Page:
Abi Richards was just 27 years old when she was given the devastating news that she had cancer.
Scans had revealed 13 tumours in her liver and two on her lung. If the diagnosis wasn’t bad enough, Abi was told she had just two weeks to live.
With time running out, our doctors recommended trying cancer immunotherapy, making it clear that although the treatment might work, there was a risk it could also speed up the progression of the disease.
Abi Richards, Immunotherapy patient
When we were told I had cancer, I immediately thought about all the things that we would never do and having a family was one of them.
Abi didn’t hesitate and was immediately put on a combination of immunotherapy drugs ipilimumab and nivolumab, both of which at the time, had only recently been licensed and made available on the NHS.
Miraculously, within six months the tumours had shrunk, and no active cancer cells were detected. It was one of the most remarkable cases Southampton doctors had seen and demonstrated the amazing power of immunotherapy.
Seven years on, Abi is thriving and enjoying life as a mum-of-two, something which she thought she and Ross would never get to experience.
“I remember it so well,” she said. “When we were told I had cancer, I immediately thought about all the things that we would never do and having a family was one of them. Cancer was not in the plan, having children was in the plan, but that all stopped when I was diagnosed.
“And even when I got better, we still didn’t know if it would be possible to get pregnant because they told me the treatment may affect my fertility. At the time, I knew I just had to have the treatment to give myself a chance of getting better but we felt so much sadness to think we’d never have children. We are so lucky to be here and have our family together.”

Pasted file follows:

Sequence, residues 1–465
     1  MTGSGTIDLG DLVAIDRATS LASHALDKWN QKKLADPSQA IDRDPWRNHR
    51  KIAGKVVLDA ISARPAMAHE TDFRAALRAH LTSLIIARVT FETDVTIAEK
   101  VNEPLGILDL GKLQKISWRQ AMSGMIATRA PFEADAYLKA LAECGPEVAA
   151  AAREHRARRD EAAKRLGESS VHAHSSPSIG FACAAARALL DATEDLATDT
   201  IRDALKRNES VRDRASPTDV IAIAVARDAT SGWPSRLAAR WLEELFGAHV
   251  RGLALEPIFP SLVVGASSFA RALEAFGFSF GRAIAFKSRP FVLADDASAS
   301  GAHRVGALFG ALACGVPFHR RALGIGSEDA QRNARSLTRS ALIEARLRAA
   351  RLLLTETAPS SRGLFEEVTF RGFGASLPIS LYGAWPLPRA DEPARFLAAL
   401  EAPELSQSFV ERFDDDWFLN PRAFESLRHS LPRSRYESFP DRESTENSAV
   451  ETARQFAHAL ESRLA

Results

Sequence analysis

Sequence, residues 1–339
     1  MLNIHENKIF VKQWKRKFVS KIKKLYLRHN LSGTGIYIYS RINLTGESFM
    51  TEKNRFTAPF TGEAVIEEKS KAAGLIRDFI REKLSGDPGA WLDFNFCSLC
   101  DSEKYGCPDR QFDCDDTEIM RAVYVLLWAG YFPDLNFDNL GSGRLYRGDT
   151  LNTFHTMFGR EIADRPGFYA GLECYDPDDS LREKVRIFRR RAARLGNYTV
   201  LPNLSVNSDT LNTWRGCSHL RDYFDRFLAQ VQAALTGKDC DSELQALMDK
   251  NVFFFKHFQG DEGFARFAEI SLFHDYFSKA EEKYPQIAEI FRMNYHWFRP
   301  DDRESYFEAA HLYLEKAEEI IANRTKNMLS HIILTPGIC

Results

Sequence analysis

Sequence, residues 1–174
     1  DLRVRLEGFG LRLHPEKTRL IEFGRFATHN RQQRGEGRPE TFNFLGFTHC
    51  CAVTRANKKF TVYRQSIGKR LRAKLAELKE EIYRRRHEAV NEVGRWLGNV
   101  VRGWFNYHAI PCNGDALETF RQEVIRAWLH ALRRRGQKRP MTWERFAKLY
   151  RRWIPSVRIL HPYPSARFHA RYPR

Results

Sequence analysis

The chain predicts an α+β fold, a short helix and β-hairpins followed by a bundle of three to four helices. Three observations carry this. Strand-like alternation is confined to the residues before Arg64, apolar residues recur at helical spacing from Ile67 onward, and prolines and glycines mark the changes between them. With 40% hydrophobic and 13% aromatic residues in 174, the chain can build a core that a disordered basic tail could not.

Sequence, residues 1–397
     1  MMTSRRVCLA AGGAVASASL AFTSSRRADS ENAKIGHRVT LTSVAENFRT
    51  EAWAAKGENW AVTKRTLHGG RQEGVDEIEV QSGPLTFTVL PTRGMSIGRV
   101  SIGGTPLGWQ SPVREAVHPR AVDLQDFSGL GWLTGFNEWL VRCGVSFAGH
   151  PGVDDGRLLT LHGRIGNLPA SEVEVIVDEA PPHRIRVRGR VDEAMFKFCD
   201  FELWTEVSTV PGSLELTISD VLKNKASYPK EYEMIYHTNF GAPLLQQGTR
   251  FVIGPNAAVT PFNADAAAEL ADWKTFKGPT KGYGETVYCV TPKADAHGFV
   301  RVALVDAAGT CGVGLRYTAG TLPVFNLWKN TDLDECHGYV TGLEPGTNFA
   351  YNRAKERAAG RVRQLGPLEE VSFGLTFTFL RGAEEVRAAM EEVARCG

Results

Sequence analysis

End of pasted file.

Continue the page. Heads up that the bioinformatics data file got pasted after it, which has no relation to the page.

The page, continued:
Teddy, four, was born two years after Abi was given the amazing results that the immunotherapy had worked, and just last year, Abi and Ross, welcomed baby Emmie who is now one.
Abi still looks back with disbelief at the experience she had. After being diagnosed, she received the immunotherapy treatment every three weeks and expected to have some side effects, but those that she did experience were manageable and short lived. After the second course of treatment, a scan revealed the immunotherapy had started to work and her tumours had reduced in size. Just a few months later, a detailed PET scan showed there was no longer any ‘evidence of disease’ in her body.
Both Abi and Ross are incredibly grateful for the treatment she received and the work it took to get those treatments to the clinic. Abi still attends scans every six months to ensure she remains cancer-free.
“It is a bit strange to look back and think about what we went through – it will never leave me. Sometimes going to the hospital can be a bit hard, but I am incredibly grateful to the doctors, nurses, and researchers. Without clinical trials and all the work that happened – sometimes taking years and years – I would not be here; I am sure of it. I think all the scientists are amazing – the work they do is so important, and it offers some comfort that if anything went wrong again, there could a trial that might help me.
Without clinical trials and all the work that happened – sometimes taking years and years – I would not be here; I am sure of it
“The people who support medical research are also vitally important to the research process – without donors the work and places like the Centre for Cancer Immunology would not happen. The donors, the clinical teams and the scientists have all saved my life. I cannot thank them enough, but not just on my behalf but for all the people who have been on a clinical trial or received immunotherapy, their dedication is to our benefit.”